Rheingold
Studio recording in stereo
December 6-28, 1967
Conductor: Herbert von Karajan
Wotan Dietrich Fischer-Dieskau
Donner Robert Kerns
Froh Donald Grobe
Loge Gerhard Stolze
Alberich Zoltán Kelemen
Mime Erwin Wohlfahrt
Fasolt Martti Talvela
Fafner Karl Ridderbusch
Fricka Josephine Veasey
Freia Simone Mangelsdorff
Erda Oralia Dominguez
Woglinde Helen Donath
Wellgunde Edda Moser
Flo▀hilde Anna Reynolds
Berliner Philharmoniker
Deutsche Grammophon, 415 141-2 3 CDs ADD
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Review by Charles E. Muntz

Herbert von Karajan made a studio recording of Der Ring des Nibelungen in conjunction with live performances given at Salzburg over four years. The live performances were taped, but the sound is mediocre and the demands of the live performances only serve to emphasize many of the flaws in the casting. Karajan gains a bit in dramatic bite, though.

Drama is sorely lacking in the studio. Karajan is so inflective that the drama simply does not come through. The theft of the Rheingold, Donner swinging his hammer, and other episodes are just plain dull. Compared to the intensity and unity of Solti, or the power and sweep of Furtwängler, it just does not bear for repeated listening. The recording itself lacks the spatial placing and effects that add a extra dimension to Solti. The one redeeming virtue is the brilliant playing of the Berlin Philharmonic.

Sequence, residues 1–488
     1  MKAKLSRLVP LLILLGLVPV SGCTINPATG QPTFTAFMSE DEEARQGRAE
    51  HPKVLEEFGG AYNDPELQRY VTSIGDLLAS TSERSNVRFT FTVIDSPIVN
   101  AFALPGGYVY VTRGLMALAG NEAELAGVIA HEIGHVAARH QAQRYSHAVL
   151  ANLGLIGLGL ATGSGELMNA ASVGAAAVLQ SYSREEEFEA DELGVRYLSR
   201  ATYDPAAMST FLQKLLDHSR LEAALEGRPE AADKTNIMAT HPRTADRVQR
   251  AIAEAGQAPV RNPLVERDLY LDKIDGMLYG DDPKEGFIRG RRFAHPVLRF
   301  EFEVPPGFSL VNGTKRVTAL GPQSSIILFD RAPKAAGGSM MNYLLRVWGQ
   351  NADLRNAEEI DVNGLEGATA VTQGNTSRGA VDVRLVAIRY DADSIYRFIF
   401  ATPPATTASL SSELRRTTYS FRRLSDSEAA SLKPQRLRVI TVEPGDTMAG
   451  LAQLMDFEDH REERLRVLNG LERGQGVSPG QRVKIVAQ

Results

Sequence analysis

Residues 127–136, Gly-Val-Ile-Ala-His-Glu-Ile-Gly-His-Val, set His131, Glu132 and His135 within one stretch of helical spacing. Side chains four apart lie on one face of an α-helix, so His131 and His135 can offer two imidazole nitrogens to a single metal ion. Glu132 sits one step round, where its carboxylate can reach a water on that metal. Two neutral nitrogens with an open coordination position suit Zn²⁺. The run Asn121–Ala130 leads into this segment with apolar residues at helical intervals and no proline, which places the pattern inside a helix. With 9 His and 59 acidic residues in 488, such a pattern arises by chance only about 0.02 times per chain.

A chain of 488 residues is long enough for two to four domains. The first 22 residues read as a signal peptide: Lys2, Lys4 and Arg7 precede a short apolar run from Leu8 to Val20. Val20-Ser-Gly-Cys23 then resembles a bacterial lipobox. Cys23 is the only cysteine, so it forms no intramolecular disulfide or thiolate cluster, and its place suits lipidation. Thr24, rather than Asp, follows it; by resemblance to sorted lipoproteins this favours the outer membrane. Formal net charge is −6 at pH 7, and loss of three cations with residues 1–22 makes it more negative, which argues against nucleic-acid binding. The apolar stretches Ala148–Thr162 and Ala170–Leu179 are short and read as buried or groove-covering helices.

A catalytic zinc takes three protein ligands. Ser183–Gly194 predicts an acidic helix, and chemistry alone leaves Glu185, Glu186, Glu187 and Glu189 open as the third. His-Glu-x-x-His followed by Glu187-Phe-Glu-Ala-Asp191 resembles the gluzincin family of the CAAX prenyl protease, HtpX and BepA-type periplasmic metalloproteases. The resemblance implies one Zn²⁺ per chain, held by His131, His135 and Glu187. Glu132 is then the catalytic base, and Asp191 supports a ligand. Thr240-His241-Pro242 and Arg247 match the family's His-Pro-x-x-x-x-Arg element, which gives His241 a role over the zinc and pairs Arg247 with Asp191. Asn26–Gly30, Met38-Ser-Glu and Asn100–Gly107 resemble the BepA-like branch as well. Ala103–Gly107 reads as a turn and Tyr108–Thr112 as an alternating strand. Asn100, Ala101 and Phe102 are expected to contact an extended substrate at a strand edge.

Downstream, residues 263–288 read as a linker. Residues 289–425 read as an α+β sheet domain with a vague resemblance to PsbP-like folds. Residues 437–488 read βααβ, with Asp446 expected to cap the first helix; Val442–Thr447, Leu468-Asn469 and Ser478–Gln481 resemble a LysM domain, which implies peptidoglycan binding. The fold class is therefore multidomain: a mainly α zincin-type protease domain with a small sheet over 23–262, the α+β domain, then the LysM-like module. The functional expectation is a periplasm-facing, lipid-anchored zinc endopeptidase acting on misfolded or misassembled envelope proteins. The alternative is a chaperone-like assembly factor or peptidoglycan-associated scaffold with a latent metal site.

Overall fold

The cast is extremely variable. The best part is Gerhard Stolze, an intense, well thought out Loge who seems to flicker like the magic fire itself. Dietrich Fischer-Dieskau is badly miscast as Wotan and his intelligence does not make up for his lack of weight and authority. Thomas Stewart in the later operas provides a firmer, more authoritative Wotan. For a truly great Wotan, listen to Hotter for Krauss or London for Solti. Josephine Veasey provides a good Fricka, but pales alongside Flagstad or Ludwig. The Rhinemaidens are quite good, as are the giants. Kelemen is a decent Alberich, but Gustav Neidlinger for Solti, Böhm and Krauss is greatly superior. The rest of the cast is good, but not remarkable.

To sum up, this recording does have a few redeeming virtues, notably Stolze. But it simply does not hold up in terms of conducting and singing to most other Rheingolds on the market. Solti provides the best cast of all, excellent sound, and vivid conducting. Krauss provides a wonderfully lyrical recording with an outstanding cast, but mediocre sound. Barenboim and Boulez both provide vivid digital recordings of this work. Any of these would be preferable to Karajan.




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